Must-See Salt Mines
Recently, during the filming of Poland: The Royal Tour (airing April 22 on PBS, check local listings), Prime Minister Mateusz Morawiecki took Peter Greenberg inside a surprising destination: the Wieliczka Salt Mine in Wieliczka, Poland.
The Wieliczka Salt Mine is one of the world’s oldest operating salt mines. This salt mine that dates back to the 13th century and is one of Poland’s official national historic monuments.
Each year, more than one million tourists visit it, and it’s on the UNESCO World Cultural and Natural Heritage List. In this salt mine, there are dozens of statues and four chapels that are all carved out of rock salt.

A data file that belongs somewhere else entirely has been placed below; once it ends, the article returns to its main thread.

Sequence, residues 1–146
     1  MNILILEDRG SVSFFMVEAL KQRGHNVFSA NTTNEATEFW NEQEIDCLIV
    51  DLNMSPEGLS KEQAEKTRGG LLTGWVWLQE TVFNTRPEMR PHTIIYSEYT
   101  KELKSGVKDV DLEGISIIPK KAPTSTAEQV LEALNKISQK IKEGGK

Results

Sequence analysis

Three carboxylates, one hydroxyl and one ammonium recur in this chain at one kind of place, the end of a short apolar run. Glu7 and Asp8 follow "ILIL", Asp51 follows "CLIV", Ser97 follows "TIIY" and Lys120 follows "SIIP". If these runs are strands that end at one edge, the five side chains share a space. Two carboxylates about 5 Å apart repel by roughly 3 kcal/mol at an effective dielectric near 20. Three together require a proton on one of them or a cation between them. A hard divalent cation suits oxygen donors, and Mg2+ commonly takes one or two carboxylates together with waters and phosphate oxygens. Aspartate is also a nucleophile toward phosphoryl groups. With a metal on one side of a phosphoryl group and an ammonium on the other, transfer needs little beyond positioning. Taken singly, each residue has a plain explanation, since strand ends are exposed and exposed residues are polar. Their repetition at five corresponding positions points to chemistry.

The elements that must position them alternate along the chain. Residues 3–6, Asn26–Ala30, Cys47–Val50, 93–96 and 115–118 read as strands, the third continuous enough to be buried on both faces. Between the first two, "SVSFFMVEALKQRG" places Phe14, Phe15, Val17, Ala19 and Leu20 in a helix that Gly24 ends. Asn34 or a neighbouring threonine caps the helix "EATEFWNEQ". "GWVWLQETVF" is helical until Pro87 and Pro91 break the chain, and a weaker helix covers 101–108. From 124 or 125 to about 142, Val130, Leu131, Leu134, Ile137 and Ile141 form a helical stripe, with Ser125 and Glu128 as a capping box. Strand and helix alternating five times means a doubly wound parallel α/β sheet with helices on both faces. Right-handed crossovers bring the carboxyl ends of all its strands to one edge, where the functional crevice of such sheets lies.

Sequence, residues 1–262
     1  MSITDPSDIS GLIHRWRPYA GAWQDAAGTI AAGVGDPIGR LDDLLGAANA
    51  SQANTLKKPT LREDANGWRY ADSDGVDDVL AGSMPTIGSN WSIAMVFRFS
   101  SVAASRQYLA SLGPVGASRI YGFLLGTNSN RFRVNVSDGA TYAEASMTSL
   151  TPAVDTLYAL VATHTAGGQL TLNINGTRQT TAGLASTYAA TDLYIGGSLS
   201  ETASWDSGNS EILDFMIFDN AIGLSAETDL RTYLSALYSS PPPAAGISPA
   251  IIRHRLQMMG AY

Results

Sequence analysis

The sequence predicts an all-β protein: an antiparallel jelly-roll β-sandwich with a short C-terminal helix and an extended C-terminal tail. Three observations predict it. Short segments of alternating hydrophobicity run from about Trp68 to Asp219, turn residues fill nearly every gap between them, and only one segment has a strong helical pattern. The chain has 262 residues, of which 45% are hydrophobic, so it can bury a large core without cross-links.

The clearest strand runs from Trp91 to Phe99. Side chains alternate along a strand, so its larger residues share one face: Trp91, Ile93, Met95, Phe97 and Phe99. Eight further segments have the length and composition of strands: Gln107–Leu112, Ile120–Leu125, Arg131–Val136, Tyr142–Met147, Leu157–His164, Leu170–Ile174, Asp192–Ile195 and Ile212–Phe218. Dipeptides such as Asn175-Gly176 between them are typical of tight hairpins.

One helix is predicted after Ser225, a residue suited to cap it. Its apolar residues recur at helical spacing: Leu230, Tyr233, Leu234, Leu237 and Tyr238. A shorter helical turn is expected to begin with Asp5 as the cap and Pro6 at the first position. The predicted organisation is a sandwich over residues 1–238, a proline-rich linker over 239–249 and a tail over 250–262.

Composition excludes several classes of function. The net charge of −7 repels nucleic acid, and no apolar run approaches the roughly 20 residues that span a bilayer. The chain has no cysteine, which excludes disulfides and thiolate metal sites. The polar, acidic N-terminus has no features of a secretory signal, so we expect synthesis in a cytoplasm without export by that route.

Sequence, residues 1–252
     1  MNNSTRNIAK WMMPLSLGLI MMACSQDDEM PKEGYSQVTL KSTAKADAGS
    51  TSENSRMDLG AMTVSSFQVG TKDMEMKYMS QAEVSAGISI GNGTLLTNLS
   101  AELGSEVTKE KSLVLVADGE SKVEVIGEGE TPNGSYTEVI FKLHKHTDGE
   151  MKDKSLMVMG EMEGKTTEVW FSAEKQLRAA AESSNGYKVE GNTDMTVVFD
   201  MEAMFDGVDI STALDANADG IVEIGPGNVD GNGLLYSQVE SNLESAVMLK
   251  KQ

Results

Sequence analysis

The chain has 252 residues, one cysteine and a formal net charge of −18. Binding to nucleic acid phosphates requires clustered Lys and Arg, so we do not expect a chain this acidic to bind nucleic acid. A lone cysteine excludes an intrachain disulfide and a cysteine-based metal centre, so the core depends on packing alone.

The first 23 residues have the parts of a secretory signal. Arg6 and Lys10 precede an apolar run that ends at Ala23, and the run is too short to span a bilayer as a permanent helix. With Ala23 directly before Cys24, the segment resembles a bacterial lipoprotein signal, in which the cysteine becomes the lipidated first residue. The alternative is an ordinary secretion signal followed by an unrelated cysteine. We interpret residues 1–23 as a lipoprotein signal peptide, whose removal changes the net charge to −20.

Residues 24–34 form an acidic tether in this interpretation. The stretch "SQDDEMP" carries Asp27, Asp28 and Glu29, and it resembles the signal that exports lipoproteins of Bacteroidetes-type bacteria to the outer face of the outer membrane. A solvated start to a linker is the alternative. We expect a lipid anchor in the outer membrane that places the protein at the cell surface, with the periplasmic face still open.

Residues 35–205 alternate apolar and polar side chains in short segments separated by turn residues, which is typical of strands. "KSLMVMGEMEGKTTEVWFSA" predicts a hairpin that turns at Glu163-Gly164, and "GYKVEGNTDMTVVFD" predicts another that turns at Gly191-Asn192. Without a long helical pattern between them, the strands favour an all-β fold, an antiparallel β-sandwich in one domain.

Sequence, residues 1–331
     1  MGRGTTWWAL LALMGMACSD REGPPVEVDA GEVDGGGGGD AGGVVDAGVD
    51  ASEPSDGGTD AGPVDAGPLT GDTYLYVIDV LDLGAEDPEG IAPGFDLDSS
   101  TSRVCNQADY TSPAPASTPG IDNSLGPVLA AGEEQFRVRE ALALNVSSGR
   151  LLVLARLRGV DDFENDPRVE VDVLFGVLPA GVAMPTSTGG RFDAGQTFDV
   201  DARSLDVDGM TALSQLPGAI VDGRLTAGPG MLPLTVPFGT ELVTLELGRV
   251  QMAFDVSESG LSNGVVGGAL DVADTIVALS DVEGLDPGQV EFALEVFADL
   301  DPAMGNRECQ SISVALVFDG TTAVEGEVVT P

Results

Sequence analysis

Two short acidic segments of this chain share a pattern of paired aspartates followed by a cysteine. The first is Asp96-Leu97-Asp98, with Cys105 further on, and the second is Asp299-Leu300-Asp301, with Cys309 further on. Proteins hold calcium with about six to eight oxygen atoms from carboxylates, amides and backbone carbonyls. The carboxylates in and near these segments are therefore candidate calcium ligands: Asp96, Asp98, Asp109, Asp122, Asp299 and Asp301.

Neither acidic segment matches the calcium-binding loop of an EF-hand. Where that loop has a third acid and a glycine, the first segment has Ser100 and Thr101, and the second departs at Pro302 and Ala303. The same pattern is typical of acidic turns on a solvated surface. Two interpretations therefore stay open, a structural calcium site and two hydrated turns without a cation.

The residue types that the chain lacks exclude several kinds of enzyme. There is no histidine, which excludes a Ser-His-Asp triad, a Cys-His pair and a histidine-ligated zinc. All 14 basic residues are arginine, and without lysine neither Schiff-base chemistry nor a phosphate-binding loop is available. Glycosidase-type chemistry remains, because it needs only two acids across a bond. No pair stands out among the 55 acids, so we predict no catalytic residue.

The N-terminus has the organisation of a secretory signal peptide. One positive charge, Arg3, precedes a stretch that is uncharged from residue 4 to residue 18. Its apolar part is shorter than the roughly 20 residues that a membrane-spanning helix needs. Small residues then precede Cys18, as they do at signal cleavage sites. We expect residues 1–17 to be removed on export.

And Poland isn’t the only European country with salt mine tourism. In Turda City, Romania, there’s the Salina Turda. It’s a salt mine that has produced table salt since the Middle Ages. The saltmine was renovated and reopened in 2010 after its initial opening for tourists in 1992. The mine is its own history museum that showcases the mining and machinery used to transport salt.
As for the largest underground salt mine in the world, that’s the Sifto salt mine in Goderich, Ontario, which turns out 325,000 tons of salt per year with an estimated 220 million tons over its lifetime. Located at 1,800 feet under Lake Huron, this is the salt that keeps North Americans safe when they travel through snow and ice. Since this mine is operational, you won’t be able to actually go down in it, but there’s an exhibit and film about the salt mine at the Huron County Museum.